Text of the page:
Clostridium difficile is recognised as the major cause of nosocomial diarrhoea in Australian hospitals and in hospitals worldwide. Chronic colitis syndromes caused by this organism are a significant cause of morbidity in hospitals with control and treatment costs rapidly escalating. The recent emergence of hypervirulent strains has increased the severity of disease and hence the urgency with which the mechanism of disease needs to be understood. The pathogenesis of C. difficile-associated diseases involves the production of numerous toxins and other virulence factors. We have developed a mouse model of infection which closely mimics human infection. This project will use the mouse model of C. difficile infection to assess the host immune response to C. difficile infection, in particular using specific mutants of clinically relevant C. difficile strains. Our primary focus will be on the ability of C. difficile toxins to modulate specific immune responses during disease and we will extend these studies into a broader exploration of the pathways involved downstream of these responses, including the effect of C. difficile infection on repair capacity of the gut and stem cells.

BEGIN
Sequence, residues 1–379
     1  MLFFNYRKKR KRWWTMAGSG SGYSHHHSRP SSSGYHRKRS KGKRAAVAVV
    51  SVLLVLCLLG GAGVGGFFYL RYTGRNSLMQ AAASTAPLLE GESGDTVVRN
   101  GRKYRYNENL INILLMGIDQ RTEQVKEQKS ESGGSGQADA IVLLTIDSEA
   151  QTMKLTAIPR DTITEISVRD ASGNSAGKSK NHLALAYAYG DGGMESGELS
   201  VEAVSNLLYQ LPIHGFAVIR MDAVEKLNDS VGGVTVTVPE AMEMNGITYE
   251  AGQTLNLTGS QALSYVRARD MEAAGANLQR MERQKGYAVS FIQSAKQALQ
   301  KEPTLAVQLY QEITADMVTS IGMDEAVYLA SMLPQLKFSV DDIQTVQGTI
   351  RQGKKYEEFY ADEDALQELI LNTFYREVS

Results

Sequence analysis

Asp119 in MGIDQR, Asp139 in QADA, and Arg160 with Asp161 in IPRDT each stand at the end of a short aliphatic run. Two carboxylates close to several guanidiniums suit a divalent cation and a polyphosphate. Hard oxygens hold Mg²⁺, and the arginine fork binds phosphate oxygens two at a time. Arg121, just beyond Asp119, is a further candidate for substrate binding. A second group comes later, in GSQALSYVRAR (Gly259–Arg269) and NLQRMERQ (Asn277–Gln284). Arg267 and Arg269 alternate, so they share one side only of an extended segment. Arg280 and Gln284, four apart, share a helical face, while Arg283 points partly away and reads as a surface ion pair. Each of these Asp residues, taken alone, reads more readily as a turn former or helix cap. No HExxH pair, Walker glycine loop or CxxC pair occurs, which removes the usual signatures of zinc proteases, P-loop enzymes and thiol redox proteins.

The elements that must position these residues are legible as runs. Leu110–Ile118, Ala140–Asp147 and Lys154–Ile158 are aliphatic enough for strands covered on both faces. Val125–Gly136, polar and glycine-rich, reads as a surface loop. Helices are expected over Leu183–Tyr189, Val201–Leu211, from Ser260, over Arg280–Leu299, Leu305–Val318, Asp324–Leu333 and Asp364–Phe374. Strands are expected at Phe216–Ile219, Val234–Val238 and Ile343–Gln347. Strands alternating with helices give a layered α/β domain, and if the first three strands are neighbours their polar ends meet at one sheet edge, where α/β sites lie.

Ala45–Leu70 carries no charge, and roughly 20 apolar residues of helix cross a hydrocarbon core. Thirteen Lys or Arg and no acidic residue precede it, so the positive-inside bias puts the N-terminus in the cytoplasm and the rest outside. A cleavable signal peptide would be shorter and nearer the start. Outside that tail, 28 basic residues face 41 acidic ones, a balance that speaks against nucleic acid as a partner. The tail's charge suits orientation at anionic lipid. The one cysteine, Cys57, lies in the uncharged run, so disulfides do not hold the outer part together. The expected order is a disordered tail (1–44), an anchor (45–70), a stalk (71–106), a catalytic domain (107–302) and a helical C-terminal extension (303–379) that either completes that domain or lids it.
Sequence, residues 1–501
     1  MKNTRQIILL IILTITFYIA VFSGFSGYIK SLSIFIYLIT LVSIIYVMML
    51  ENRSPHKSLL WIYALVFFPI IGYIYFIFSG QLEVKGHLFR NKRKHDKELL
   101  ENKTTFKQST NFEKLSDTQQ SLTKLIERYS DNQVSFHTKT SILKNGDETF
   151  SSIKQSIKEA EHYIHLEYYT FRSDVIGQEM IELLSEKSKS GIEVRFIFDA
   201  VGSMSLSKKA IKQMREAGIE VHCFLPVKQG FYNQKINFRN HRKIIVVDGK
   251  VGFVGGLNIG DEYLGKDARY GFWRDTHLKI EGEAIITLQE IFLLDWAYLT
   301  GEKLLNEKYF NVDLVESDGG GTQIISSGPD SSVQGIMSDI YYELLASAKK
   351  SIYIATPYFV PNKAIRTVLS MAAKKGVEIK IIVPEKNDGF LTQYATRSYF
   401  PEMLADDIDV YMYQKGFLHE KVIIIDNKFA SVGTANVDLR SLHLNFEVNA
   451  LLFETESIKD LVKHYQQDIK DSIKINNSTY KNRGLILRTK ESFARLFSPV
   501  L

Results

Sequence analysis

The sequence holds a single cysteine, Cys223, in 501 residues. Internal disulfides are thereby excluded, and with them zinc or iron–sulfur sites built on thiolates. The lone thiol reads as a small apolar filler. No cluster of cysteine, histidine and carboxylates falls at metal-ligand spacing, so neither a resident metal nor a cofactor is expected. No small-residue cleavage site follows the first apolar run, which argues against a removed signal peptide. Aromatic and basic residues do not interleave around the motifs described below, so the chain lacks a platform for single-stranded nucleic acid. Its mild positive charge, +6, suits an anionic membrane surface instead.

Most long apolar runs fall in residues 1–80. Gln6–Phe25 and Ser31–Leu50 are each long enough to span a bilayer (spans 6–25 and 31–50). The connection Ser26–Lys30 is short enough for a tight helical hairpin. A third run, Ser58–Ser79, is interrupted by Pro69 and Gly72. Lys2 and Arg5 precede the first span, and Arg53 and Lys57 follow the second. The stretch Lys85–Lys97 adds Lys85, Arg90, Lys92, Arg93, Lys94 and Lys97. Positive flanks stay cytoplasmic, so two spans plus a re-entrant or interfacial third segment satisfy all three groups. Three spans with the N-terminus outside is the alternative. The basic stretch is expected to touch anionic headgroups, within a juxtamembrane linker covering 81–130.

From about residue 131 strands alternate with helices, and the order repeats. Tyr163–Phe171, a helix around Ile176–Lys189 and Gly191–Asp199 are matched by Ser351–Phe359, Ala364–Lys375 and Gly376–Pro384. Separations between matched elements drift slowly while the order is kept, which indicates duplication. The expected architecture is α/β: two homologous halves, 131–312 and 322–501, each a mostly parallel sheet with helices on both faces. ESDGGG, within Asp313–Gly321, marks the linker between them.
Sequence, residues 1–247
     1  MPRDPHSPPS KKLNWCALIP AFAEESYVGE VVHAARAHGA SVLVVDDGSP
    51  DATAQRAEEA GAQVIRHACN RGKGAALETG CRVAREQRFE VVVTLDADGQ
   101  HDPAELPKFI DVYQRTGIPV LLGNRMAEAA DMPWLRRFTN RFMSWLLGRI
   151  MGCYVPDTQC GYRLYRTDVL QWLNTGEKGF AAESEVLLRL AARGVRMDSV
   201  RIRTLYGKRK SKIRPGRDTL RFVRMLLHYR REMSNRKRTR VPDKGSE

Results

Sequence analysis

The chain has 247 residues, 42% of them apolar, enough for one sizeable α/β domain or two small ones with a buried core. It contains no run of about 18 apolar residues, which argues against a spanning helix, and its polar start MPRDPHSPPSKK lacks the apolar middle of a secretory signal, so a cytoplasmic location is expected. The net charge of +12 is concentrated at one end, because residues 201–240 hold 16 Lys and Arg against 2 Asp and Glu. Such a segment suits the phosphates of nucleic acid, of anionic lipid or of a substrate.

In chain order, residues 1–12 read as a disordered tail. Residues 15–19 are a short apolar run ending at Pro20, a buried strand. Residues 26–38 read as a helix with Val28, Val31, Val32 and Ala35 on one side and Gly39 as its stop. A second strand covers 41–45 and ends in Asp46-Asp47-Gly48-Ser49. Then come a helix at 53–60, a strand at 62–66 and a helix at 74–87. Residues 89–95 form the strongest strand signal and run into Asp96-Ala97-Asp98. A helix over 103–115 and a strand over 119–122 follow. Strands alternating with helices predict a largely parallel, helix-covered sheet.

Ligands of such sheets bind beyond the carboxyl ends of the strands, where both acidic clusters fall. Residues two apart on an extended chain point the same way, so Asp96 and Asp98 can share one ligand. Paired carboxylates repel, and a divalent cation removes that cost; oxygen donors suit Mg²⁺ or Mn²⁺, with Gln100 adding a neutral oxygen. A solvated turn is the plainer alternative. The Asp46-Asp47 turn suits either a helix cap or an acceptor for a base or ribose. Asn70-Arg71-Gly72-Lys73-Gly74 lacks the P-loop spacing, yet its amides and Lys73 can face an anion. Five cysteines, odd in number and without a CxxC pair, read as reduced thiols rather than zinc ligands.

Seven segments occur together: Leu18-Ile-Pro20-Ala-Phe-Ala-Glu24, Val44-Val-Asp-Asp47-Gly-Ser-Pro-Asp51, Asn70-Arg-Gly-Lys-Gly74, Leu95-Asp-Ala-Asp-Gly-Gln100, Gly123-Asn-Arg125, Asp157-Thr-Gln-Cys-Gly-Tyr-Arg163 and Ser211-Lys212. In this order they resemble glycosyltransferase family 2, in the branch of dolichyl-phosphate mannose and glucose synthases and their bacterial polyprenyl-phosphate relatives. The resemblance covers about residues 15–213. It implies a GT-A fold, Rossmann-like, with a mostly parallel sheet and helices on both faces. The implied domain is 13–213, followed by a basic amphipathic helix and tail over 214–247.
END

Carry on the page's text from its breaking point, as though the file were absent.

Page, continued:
Department of Microbiology, Infection, Gastrointestinal infection, Stem Cells, Clostridium difficile, Antibiotic resistance
Biomedicine Discovery Institute (School of Biomedical Sciences) » Microbiology
Masters by research
Top-up scholarship funding available